Cover down, pray through: Bob Dylan's underrated, misunderstood "gospel years" are meticulously examined in this welcome new installment of his Bootleg series.

"How long can I listen to the lies of prejudice?
How long can I stay drunk on fear out in the wilderness?"
-- Bob Dylan, "When He Returns," 1979

Bob Dylan's career has been full of unpredictable left turns that have left fans confused, enthralled, enraged – sometimes all at once. At the 1965 Newport Folk Festival – accompanied by a pickup band featuring Mike Bloomfield and Al Kooper – he performed his first electric set, upsetting his folk base. His 1970 album Self Portrait is full of jazzy crooning and head-scratching covers. In 1978, his self-directed, four-hour film Renaldo and Clara was released, combining concert footage with surreal, often tedious dramatic scenes. Dylan seemed to thrive on testing the patience of his fans.

Keep reading... Show less
9
TV

Inane Political Discourse, or, Alan Partridge's Parody Politics

Publicity photo of Steve Coogan courtesy of Sky Consumer Comms

That the political class now finds itself relegated to accidental Alan Partridge territory along the with rest of the twits and twats that comprise English popular culture is meaningful, to say the least.

"I evolve, I don't…revolve."
-- Alan Partridge

Alan Partridge began as a gleeful media parody in the early '90s but thanks to Brexit he has evolved into a political one. In print and online, the hopelessly awkward radio DJ from Norwich, England, is used as an emblem for incompetent leadership and code word for inane political discourse.

Keep reading... Show less

The show is called Crazy Ex-Girlfriend largely because it spends time dismantling the structure that finds it easier to write women off as "crazy" than to offer them help or understanding.

In the latest episode of Crazy Ex-Girlfriend, the CW networks' highly acclaimed musical drama, the shows protagonist, Rebecca Bunch (Rachel Bloom), is at an all time low. Within the course of five episodes she has been left at the altar, cruelly lashed out at her friends, abandoned a promising new relationship, walked out of her job, had her murky mental health history exposed, slept with her ex boyfriend's ill father, and been forced to retreat to her notoriously prickly mother's (Tovah Feldshuh) uncaring guardianship. It's to the show's credit that none of this feels remotely ridiculous or emotionally manipulative.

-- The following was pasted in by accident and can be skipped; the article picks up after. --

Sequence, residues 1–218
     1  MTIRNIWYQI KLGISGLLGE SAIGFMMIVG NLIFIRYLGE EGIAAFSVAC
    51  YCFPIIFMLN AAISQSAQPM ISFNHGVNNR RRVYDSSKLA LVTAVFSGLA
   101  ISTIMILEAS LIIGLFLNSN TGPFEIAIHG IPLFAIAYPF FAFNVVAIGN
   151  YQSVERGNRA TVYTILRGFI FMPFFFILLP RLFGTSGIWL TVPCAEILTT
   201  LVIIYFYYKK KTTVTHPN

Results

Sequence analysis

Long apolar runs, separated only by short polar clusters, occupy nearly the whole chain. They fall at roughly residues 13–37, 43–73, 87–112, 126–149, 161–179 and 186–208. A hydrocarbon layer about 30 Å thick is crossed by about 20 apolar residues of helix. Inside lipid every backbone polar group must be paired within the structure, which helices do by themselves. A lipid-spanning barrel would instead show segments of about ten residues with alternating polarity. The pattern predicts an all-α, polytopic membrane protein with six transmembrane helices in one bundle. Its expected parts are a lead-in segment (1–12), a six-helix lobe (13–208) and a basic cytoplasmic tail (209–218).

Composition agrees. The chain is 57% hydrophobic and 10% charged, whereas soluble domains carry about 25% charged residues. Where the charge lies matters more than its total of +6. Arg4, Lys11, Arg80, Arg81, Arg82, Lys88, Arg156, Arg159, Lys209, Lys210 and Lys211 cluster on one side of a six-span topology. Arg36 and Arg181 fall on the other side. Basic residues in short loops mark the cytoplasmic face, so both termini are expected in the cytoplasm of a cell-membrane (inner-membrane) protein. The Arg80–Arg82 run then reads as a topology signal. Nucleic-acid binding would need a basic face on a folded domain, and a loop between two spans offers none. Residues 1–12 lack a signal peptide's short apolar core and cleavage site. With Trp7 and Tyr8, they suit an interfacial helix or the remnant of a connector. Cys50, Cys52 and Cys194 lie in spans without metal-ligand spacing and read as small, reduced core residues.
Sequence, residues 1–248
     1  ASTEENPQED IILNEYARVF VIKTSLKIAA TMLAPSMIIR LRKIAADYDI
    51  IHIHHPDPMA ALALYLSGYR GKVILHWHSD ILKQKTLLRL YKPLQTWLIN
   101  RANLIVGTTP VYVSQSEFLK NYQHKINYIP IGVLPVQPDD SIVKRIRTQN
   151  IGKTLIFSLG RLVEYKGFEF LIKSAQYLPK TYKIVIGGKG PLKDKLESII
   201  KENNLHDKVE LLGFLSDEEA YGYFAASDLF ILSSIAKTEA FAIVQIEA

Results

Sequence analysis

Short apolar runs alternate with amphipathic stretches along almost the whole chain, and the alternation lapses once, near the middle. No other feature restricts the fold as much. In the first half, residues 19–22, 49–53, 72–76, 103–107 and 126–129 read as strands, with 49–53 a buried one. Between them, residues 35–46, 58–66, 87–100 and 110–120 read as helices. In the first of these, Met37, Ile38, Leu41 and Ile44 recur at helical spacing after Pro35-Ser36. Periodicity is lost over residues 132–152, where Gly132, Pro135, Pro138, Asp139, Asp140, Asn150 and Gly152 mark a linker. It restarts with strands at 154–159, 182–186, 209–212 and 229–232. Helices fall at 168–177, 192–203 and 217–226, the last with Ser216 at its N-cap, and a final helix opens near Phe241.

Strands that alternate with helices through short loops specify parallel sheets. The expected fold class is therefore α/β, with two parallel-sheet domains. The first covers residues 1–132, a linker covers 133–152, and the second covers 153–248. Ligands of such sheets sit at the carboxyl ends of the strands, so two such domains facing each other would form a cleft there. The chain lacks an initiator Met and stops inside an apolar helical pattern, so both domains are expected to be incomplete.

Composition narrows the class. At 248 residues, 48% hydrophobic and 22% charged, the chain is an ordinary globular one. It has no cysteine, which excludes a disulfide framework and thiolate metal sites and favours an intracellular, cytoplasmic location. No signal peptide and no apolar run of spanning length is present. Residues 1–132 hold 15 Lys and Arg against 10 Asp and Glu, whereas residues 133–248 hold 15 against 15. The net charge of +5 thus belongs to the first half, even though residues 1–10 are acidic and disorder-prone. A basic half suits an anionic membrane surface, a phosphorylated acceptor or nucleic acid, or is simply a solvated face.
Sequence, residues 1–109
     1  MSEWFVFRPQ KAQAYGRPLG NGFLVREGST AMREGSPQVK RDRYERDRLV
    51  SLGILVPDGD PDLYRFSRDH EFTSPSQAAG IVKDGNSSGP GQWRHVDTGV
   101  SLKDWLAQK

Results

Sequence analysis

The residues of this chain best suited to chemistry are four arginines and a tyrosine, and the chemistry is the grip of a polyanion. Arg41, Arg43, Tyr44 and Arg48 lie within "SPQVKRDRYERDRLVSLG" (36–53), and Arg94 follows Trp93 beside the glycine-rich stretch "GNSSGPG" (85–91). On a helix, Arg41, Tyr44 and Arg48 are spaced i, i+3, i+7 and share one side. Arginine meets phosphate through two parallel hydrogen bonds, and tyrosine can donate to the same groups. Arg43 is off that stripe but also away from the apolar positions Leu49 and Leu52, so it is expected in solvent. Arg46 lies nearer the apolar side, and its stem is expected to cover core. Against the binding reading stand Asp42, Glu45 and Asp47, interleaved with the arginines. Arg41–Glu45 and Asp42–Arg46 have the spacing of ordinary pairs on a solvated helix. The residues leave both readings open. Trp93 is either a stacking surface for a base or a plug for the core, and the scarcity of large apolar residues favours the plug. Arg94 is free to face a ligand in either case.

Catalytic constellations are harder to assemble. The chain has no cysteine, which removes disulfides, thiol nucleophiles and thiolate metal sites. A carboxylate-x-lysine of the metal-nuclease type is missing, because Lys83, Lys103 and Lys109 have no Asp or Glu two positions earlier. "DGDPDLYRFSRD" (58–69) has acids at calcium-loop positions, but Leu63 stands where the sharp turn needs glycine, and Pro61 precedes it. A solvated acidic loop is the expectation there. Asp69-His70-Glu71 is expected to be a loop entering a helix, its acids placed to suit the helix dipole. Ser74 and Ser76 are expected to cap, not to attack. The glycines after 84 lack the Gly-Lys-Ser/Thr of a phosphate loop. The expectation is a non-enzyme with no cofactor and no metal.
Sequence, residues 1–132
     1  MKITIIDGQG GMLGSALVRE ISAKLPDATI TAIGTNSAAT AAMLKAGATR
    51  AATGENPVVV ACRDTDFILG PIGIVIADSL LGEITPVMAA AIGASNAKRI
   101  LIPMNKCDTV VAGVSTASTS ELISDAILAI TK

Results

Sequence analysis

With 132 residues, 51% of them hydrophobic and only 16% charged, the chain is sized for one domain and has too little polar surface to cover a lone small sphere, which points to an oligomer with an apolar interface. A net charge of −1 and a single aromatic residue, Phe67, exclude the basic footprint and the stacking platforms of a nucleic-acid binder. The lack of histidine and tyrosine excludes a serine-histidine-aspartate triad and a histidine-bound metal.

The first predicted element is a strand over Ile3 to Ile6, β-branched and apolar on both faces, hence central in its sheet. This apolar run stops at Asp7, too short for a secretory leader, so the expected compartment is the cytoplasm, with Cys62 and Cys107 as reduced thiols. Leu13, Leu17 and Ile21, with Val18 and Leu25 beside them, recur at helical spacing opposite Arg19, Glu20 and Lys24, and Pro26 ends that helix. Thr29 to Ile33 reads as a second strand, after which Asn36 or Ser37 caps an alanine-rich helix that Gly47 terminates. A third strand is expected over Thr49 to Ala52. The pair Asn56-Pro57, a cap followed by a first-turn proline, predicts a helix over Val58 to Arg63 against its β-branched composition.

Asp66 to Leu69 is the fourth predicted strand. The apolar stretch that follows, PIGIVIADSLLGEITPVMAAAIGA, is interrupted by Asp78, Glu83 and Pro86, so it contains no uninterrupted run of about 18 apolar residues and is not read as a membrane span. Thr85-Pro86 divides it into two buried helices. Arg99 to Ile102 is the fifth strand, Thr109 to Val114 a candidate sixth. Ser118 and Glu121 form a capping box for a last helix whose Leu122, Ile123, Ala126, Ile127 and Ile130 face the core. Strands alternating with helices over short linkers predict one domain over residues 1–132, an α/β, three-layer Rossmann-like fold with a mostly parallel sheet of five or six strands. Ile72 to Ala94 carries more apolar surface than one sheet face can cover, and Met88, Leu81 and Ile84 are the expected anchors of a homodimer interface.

Keep reading... Show less
9

If space is time—and space is literally time in the comics form—the world of the novel is a temporal cage. Manuele Fior pushes at the formal qualities of that cage to tell his story.

Manuele Fior's 5,000 Km Per Second was originally published in 2009 and, after winning the Angouléme and Lucca comics festivals awards in 2010 and 2011, was translated and published in English for the first time in 2016. As suggested by its title, the graphic novel explores the effects of distance across continents and decades. Its love triangle begins when the teenaged Piero and his best friend Nicola ogle Lucia as she moves into an apartment across the street and concludes 20 estranged years later on that same street. The intervening years include multiple heartbreaks and the one second phone delay Lucia in Norway and Piero in Egypt experience as they speak while 5,000 kilometers apart.

Keep reading... Show less
7

Featuring a shining collaboration with Terry Riley, the Del Sol String Quartet have produced an excellent new music recording during their 25 years as an ensemble.

Dark Queen Mantra, both the composition and the album itself, represent a collaboration between the Del Sol String Quartet and legendary composer Terry Riley. Now in their 25th year, Del Sol have consistently championed modern music through their extensive recordings (11 to date), community and educational outreach efforts, and performances stretching from concert halls and the Library of Congress to San Francisco dance clubs. Riley, a defining figure of minimalist music, has continually infused his compositions with elements of jazz and traditional Indian elements such as raga melodies and rhythms. Featuring two contributions from Riley, as well as one from former Riley collaborator Stefano Scodanibbio, Dark Queen Mantra continues Del Sol's objective of exploring new avenues for the string quartet format.

Keep reading... Show less
9
Pop Ten
Mixed Media
PM Picks

© 1999-2017 Popmatters.com. All rights reserved.
Popmatters is wholly independently owned and operated.

rating-image